To mimic the look of the Willis bag and to brighten up the dark felt, I put piping at all the seams. I’ll admit, I love piping, and put it on lots of projects. I used cotton sash cord from the hardware store inside the piping.
For a closure, I used a buttonhole from the coat as my tab. My initial idea was to use a magnet closure, but it wasn’t strong enough. The clasp holds the entire bag together, so I changed to the button tab.
The coat had green topstitching, and I decided to match it, both so I could use the premade buttonhole and because it is a nice contrast to the fuchsia piping.
I used a dowel in the top to match that detail on the inspiration bag. The metal rings are looped around the dowel, with slits in the felt so I could put them in place. I love working with a fabric that doesn’t ravel!
It’s hard to tell from the pictures, but this is a pretty big bag. It’s 15″ wide, just under 14″ tall, and over 5″ wide. It’s perfect for work!
Because of the single layer construction, I didn’t put any pockets in the bag. I didn’t want any pocket seams to show on the outside of the bag or any extra layers of fabric to mess up the lines of the bag.
Once the challenge was over, I decided to make up an organizer to put inside the bag:
The divider is two-sided, with heavy cardboard in between to give it shape. I made special pockets to hold my phone, glasses, pens, and iPad. I lined some of the pockets with ultrasuede to protect screens and lenses. Not only is it really handy, but it gives the messenger shape. I love using it! Loryn
Cheri: Whew, what a challenge this was. It was tough one, but, it was also an awesome one. I think I spent the first week trying to decide how and what I wanted to make my purse out of.
I have always enjoyed doing machine embroidery, so I decided that I would embroider the outside of my purse. I was pretty sure in my head of how I wanted it to look, so I looked around at my fabric supplies, (which is not nearly as grand as Loryn’s), and chose what fabric I wanted to use.
After one failed attempt with the fabric I had on hand, I decided to buy some new fabric. I headed to our local Wal-Mart, which has just put in a small fabric selection, after our Jo-Ann’s closed, and chose a half yard of brown canvas, I also picked up some lining fabric that went with the brown nicely. With fabric in tow, I headed home.
This was Thursday, I had 3 more days to go. I have to admit that my style of crafting is a tad bit unique. I don’t really measure anything. I will try to use a straight edge to get the proportions right but more often than not I will use the selvage edge to base my edges on. And so the great purse challenge began for me.
I worked until midnight on Thursday, midnight on Friday and started working again at 2:00 pm on Saturday. Most of the time was spent with the embroidery and the base of the bag, and then the unspeakable happened, I accidentally melted some of the lining of my bag with the iron.
I knew that this was not going to be an easy fix. So after entertaining several options I picked up some other fabric I had on hand from Loryn’s stash and started working with this. Essentially, I started again from square one.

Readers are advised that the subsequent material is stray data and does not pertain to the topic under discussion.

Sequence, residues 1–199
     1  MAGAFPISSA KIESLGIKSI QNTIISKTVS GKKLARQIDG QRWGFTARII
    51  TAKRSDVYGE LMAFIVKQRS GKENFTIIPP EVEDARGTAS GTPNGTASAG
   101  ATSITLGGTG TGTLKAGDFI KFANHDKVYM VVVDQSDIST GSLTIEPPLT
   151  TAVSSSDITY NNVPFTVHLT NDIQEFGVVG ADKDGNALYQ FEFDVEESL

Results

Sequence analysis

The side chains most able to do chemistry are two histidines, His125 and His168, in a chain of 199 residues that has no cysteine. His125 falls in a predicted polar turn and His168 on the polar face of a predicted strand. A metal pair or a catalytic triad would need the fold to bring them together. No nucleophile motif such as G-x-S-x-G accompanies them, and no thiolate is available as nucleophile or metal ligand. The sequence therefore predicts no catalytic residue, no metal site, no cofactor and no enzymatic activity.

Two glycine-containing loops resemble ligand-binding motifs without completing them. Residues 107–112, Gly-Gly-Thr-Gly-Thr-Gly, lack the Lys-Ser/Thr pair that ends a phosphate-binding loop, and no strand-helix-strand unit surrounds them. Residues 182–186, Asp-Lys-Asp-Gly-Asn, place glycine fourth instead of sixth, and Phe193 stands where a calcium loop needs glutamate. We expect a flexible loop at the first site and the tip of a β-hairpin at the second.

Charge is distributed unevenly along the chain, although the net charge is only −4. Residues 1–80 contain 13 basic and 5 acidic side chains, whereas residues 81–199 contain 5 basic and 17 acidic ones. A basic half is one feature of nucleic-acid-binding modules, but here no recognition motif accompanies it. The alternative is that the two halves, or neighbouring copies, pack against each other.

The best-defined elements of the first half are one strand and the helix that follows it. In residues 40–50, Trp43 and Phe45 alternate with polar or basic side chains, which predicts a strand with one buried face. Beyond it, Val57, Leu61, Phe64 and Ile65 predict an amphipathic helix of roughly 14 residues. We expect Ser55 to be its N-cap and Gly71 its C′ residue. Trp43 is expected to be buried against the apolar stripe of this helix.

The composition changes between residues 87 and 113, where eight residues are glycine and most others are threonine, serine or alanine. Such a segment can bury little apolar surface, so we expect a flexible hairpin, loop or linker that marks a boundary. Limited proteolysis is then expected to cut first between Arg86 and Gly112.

I spent several hours on Saturday redoing my purse and in the end I was really happy with how it turned out. It looks like me and I am really quite proud to carry it.
WooHoo! I actually managed to get this Crafty Challenge finished a little early. For me, that is monumental (at least compared to my past Crafty Challenges).
The challenge this time was to use the Coach Willis Handbag for inspiration and create something in that spirit. It could be any medium and any size. I tried several mediums, but seemed to have the best luck when I finally went to fabric. Then I had to decide what size I wanted, so I needed to find a purpose for my bag. I have a large laptop (it has a 17″ screen and the keyboard includes a separate number keypad) that I have never been able to find a bag that I liked and that would protect it, that I liked. So, with that in mind, I was going to make the Willis inspired laptop bag.
I had some really cute flannel kitties fabric and some matching pre-quilted red fabric that would be perfect for padding. After looking at my dogs, I realized that I would be better off if I put the flannel on the inside to help keep some of the hair on my new bag to a minimum. I did draw a sketch, but for the most part, I made it up on the fly. You should know though that I have seen many bags made by Loryn and Cheri, so I had some idea of how to go about this, I wasn’t completely in the dark.
I made the handle first as I wanted to use Loryn’s quilting idea to help reinforce the handle. The body was next and man, do not use denim Singer needles on medium-weight fabric, no matter how many layers you are sewing through. I trashed three needles very quickly. Once I switched to heavy-duty, medium weight needles, I had no problems whatsoever.
I made all the parts of the bag like pillows (right sides together, sew the edges and pull right-side out) and was very good about ironing everything. I am always surprised by how much of a difference ironing makes. Suddenly your project goes to the next level of wow and looks clean and (mostly) well made. Please keep in mind I am not the best seamstress. I tend to keep to pillows and curtains which are really just squares and rectangles with no real finesse (or at least the way I make them).